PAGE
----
Can Toyota Digg out of its recall hole?

Toyota USA president Jim Lentz appeared on Digg Dialogg to explain how Toyota is addressing its recall problems.

Mark Blinch/Reuters/File
Toyota (USA) President Jim Lentz, shown here at the Detroit Auto Show in January, spoke directly to consumers Feb. 8 on the Internet's Digg Dialogg.

[Editor's note: We corrected some of the spelling in the Digg questions.]

As on-camera interviews with executives go, the Digg Dialogg interview Monday with Jim Lentz, president of Toyota Motor Sales USA, was compelling Internet drama.

It shed light on how Toyota is likely to respond to charges that it knew about sudden-acceleration problems for several years. Even more important, it was an intriguing gauge of what consumers are thinking about the spate of Toyota recalls.

If this democratic approach is the future of investigative journalism, the questions were eye-opening.

For example, a news conference with regular journalists would never have started with this question (the most popular with 285 diggs from the Digg community):

"What do you drive?" Answer: A Lexus hybrid with Priuses for his wife (2006) and his son (2010) -- the model year with reports of brake problems.

The second most pressing question (213 diggs): "How far along is Toyota on moving into some truly gas free cars in the future?"

(Democratic journalism doesn't always get to the point immediately.)

At the same time, there were hard-hitting questions that were more authentic than anything from an investigative journalist:

"I was a General Manager of one of your largest dealerships in the US. I was aware that this problem dates back to 2004. In fact, there was a death involved in a sudden acceleration incident at an Atlantic City Hotel in a Camry that our dealership sold. At this point is Toyota's position going to change as to the dates involved?"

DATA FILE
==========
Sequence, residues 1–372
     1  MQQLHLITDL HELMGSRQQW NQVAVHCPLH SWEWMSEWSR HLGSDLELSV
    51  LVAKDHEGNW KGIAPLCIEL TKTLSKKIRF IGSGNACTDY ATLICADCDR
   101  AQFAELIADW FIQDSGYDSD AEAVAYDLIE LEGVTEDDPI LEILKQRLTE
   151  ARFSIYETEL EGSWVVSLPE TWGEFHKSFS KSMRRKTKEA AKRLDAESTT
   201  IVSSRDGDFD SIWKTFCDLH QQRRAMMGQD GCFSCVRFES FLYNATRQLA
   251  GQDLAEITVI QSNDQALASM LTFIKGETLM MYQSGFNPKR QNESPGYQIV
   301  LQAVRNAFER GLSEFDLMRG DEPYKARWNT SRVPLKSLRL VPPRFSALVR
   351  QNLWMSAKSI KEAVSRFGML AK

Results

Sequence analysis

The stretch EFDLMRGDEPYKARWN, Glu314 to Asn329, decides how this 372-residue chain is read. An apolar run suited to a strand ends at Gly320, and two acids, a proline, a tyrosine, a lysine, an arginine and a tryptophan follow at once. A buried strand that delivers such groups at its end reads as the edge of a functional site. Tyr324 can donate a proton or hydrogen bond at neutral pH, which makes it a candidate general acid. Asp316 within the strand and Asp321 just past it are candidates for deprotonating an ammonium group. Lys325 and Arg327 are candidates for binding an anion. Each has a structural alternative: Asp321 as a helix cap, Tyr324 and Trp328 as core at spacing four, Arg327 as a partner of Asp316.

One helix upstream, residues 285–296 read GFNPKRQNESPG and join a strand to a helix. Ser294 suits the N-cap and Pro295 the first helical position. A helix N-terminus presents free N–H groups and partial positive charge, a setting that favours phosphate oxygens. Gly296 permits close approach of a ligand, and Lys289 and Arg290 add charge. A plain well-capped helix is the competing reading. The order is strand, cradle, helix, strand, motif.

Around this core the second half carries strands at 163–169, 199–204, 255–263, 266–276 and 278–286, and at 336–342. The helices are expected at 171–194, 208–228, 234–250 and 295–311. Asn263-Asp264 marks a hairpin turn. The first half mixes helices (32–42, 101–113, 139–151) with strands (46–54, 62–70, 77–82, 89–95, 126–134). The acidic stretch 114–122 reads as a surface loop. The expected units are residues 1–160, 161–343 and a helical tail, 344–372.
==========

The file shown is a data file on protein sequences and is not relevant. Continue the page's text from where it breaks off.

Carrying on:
Answer: Toyota is confident it has the answers for the problems it knows about. "You have to continue to looking at the reports that you're getting," Mr. Lentz said. "There are many other possibilities" for sudden acceleration.

Tuffy777 weighed in with this: "Toyota has electronic data recorders in the cars -- yet they refused to release the data when I was in a crash, and it would have proven that the accident was not my fault. So I lost my car, my health and thousands of dollars. And now you say you can't track down the cause of this problem. Why not release the electronic data?"

Answer: The recorders are experimental and only capture a tiny slice of data. "Unfortunately, in his case, they're not advanced enough to be really useful," Lentz said.

Host Dave Yewman did a good job of mixing questions of his own with those from viewers, but he missed the important follow-up question here: If the recorders don't reveal anything, why not release the data?

These unfiltered dialogues with customers and would-be customers are crucial for Toyota to begin rebuilding its brand, says Gene Grabowski, a senior vice president who heads the crisis practice of Levick Strategic Communications, a consulting firm based in Washington. "It's intelligent of Toyota to be doing this... They need to be seeking more opportunities and more venues where they can communicate more directly with consumers."

All in all, Toyota's corporate fate remains to be seen. But it was an auspicious step for democratic journalism.

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